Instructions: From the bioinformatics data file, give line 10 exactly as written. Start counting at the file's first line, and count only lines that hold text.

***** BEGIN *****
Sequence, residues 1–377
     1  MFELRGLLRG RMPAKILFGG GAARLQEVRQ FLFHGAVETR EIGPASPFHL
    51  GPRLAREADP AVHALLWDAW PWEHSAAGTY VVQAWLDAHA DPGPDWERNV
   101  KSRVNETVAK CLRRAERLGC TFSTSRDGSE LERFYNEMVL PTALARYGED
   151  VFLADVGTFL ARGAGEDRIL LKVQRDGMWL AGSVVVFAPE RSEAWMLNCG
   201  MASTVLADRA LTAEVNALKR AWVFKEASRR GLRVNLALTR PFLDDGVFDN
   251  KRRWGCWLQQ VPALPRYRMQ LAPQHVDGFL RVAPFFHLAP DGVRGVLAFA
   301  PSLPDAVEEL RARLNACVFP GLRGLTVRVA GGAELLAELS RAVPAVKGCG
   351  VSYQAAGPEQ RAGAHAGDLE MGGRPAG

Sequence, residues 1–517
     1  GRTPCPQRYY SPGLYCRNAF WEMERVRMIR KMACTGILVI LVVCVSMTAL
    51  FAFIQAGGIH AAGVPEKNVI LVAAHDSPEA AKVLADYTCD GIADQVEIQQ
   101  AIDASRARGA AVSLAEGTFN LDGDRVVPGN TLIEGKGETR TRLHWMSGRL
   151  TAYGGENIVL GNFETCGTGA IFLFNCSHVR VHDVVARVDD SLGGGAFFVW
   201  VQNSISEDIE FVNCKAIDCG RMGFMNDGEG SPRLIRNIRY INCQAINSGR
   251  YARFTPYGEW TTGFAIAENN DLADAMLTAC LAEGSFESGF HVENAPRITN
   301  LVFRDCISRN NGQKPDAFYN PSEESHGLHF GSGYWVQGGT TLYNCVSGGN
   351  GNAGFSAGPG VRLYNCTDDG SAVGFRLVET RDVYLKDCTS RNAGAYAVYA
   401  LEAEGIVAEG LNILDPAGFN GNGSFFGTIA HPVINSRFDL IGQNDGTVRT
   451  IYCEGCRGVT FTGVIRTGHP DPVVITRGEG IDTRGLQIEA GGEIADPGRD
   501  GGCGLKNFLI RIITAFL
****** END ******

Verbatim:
Sequence, residues 1–517